Shakespeare’s audience would have been very familiar with the Hugh of Lincoln story and the writings that retell the bloody tale. In establishing the terms for the loan, Shylock’s rate of interest would not have come as such a surprise to the Elizabethan audience:
Go with me to a notary; seal me there
Your single bond and, in a merry sport,
If you repay me not, on such a day
In such a place, such sum or sums as are
Expressed in the condition, let the forfeit
Be nominated for an equal pound
Of your fair flesh, to be cut off and taken
In what part of your body pleaseth me. (Merchant of Venice I.iii.137-144).
This proposition reinforces the stereotype of the greedy usurer Jew and moves to collect as much as possible. This interest rate would also remind play attendees of the ritual blood libel stories such as Hugh of Lincoln. This aspect of Shylock would make the audience despise him even more now that they are reminded of the graphic and emotional tales of Christian bloodshed.
The Prioress’s Tale from Chaucer also evokes the Hugh of Lincoln story. However, instead of remembrance of Jews’ evil tendencies at the end of the tale, it invokes the Blessed Mary. The story tells of a boy whose mother has always taught him to admire and venerate the Virgin Mary. He hears and learns the “Virgin’s hymn of praise” (Heng S66). He sings this song repeatedly which catches the attention of both Jews and Satan. After the boy’s throat is slit, Mary enables the boy to sing so his body is found and the Jews responsible are executed. It is a story the venerates the Virgin Mary and shows her patronage. Thus, it structures the idea that Christians are a “protected and watched-over population” (S66). Through this structure, it separates people by religion and defines both, Christian and Jews. The tale categorizes Christians as those who come from Christian blood and not simply by converting, labeling them as a blood-race. The Jews on the other hand are categorized as being in relation to Satan, the enemy of Christians. Several manuscripts of the Prioress Tale Satan refer to Jewish law as “oure laws,” confirming that Jews are people of Satan’s law and not God’s (S65-S67).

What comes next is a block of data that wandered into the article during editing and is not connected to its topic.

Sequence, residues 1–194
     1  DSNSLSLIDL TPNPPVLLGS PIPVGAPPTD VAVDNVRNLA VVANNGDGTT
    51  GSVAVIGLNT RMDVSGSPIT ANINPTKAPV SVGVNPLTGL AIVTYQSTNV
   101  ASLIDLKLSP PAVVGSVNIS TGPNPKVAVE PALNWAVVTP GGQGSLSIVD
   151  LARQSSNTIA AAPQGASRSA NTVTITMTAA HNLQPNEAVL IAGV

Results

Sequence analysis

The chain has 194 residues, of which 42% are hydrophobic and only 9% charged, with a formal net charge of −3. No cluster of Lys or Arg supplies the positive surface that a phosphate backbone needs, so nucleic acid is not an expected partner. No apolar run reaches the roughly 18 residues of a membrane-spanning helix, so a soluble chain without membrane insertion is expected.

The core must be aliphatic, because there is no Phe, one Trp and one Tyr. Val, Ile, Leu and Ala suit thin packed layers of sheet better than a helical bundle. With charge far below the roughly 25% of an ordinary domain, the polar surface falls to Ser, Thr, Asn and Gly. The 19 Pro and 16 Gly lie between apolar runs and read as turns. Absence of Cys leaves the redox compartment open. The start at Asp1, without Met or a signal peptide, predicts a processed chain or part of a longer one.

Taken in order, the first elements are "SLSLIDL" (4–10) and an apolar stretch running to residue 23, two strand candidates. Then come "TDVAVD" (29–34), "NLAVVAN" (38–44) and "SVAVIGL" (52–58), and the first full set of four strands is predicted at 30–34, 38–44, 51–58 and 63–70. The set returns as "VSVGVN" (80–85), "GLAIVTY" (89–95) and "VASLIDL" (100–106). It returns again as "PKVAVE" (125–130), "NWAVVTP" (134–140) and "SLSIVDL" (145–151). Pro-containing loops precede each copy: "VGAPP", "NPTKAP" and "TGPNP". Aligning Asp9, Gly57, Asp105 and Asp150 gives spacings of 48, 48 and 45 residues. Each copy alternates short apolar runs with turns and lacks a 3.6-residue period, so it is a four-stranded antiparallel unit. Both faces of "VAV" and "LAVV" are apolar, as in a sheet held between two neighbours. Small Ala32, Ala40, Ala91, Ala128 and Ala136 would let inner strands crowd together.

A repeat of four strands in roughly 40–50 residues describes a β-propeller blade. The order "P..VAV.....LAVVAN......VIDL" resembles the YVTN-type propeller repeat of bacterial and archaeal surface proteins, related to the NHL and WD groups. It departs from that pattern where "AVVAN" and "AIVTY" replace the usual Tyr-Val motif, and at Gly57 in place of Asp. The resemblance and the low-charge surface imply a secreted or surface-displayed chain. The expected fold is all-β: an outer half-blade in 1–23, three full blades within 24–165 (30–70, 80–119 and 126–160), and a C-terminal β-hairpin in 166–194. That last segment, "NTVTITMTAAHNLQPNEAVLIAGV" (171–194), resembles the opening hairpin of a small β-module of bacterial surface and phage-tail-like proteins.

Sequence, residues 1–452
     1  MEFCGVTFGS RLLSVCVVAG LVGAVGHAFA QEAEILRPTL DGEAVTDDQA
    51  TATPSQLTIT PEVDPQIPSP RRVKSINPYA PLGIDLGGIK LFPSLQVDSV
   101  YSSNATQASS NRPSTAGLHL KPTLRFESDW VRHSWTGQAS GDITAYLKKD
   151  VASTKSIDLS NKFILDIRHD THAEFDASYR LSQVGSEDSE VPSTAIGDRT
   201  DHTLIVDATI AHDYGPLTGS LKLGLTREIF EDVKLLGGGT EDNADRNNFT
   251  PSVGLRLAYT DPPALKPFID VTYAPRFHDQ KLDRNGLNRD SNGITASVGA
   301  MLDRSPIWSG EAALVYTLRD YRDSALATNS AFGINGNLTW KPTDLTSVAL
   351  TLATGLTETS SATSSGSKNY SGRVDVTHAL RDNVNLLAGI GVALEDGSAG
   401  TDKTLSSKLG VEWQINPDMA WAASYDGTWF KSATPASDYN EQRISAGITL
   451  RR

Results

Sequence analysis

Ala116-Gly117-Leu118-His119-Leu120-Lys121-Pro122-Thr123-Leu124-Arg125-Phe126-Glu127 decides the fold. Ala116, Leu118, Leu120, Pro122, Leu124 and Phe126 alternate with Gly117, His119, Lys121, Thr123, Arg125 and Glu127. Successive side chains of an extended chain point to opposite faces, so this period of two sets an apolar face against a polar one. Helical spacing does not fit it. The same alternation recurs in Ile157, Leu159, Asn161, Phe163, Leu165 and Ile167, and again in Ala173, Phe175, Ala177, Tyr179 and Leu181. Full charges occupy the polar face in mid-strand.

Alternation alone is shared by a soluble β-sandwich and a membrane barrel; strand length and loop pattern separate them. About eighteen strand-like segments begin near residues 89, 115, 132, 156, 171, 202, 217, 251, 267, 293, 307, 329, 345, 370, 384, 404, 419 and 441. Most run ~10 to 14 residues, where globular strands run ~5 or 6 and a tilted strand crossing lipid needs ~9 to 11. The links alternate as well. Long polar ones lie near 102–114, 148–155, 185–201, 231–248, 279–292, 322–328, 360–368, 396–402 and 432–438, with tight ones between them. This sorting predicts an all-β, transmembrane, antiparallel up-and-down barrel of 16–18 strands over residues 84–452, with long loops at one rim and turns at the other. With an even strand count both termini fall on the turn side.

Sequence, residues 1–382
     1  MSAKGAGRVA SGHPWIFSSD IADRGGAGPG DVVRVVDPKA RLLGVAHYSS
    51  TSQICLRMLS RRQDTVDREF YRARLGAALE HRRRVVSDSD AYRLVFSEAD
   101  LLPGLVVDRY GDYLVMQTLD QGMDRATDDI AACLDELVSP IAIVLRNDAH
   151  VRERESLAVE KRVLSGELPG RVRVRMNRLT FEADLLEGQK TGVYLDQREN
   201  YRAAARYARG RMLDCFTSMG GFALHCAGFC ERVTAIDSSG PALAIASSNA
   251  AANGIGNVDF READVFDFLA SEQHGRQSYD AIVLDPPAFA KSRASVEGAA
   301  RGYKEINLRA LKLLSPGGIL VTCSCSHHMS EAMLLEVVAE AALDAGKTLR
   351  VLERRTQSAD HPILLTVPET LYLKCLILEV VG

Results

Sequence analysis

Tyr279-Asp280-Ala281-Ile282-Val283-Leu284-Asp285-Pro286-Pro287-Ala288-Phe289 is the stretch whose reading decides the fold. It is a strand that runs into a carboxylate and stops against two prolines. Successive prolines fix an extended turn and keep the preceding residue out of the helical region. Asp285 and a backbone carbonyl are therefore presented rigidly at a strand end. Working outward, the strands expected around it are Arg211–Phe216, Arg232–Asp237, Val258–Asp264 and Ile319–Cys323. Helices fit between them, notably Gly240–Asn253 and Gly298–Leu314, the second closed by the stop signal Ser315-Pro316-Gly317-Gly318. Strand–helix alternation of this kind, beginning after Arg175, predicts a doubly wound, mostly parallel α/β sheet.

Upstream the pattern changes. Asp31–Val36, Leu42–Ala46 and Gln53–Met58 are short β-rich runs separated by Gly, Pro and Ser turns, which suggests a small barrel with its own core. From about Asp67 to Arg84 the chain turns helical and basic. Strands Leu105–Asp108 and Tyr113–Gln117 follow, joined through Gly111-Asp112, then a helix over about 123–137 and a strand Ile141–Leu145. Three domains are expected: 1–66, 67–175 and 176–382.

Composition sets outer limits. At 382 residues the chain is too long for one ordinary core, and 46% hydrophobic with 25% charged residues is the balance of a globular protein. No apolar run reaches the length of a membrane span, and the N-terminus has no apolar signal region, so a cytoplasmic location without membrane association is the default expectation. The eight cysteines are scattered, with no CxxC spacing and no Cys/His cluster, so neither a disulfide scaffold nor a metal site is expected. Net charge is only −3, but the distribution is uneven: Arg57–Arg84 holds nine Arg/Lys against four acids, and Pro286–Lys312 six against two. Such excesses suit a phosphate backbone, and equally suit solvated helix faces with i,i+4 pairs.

Mirroring Chaucer’s Prioress Tale, Shakespeare separates Christian and Jews as a blood race, with the Christians being a watched over and protected people and Jews an infernal race. In one of the final scenes of Merchant of Venice, the audience see’s Shylock, the evil Jew, coming very close to getting his pound of flesh from Antonio. Although just as he is about to cut the flesh from Antonio’s chest, Portia (in disguise as a lawyer’s apprentice) points out a flow in his contract that does entitle him to any blood of Antonio’s, “This bond doth give thee here no jot of blood” (IV.i.304). Shylock goes on to losing all of his assets, thus mirroring the structure of Chaucer’s Prioress Tale of Christians being protected.
Shakespeare would have certainly been familiar with the Corpus Christi plays of this time, thus deriving more of society’s view toward Jews. They are the ones “who are depicted as responsible for the violent humiliation and crucifixion of Christ” (Archer 47). This depiction left the audience with conception that not only the Jews of that time were guilty of killing Christ, but they are forever in the state of committing this act (47). Some passion plays of the medieval period even depicted the Jew as an “incarnation of the devil himself” (Bronstein 6).
Shylock was referred to a plethora of times as the devil himself by many characters throughout Merchant of Venice. The first of which is during a conversation between Shylock and Antonio. Shylock had recited the biblical story of Jacob and Laban, to which Antonio responds, “Mark you this, Bassanio: / The devil himself can cite scripture for his purpose. / An evil soul producing holy witness” (I.iii.91-93). Even the clown Lancelet recognizes his master, Shylock, as the devil. When contemplating running away from his master, in a rather comical scene, Lancelot is sure of Shylock being an incarnate of the devil himself, “Certainly the Jew is the very devil incarnation” (II.ii.23-24).
These depictions and stereotypes that were placed on Jews would have been well known amongst the Elizabethan audience and to Shakespeare himself. While the play offers only a fraction of the interactions between Shylock and Antonio, Shylock laments on how Antonio has treated him: “You call me “misbeliever,” “cut-throat dog,” / And spit upon my Jewish gabardine,” (I.ii.105-106). Shylocks recount of the incidents of how Antonio has treated him evidences Shakespeare’s knowledge of how Christians indeed treated Jews.
Due to the lack of real-life Jews living in England, Shakespeare had to rely on history, stories, and tales for his idea of the Jew. Just as in history, where Jews in England were majority tradesmen and moneylenders, Shylock was depicted as one of the sinful usurers. His greedy personality and selfish attitudes came to no shock to the Elizabethan audience members, as these stereotypes have lived on in society. Shakespeare turned to stories and literature to focus in on how to structure this character. Tales such as Hugh of Lincoln and the common Corpus Christi plays depicted Jews as the devil incarnated and hungry for Christian blood. Shakespeare used sources as these to develop Shylock’s actions and how characters described him. Shakespeare even mirrored Chaucer’s Prioress Tale in contrasting Christians as a protected blood-race and Jews as doomed infernal population. Without these foundations, Shakespeare would have never been able to create Shylock’s unforgettable role in Merchant of Venice.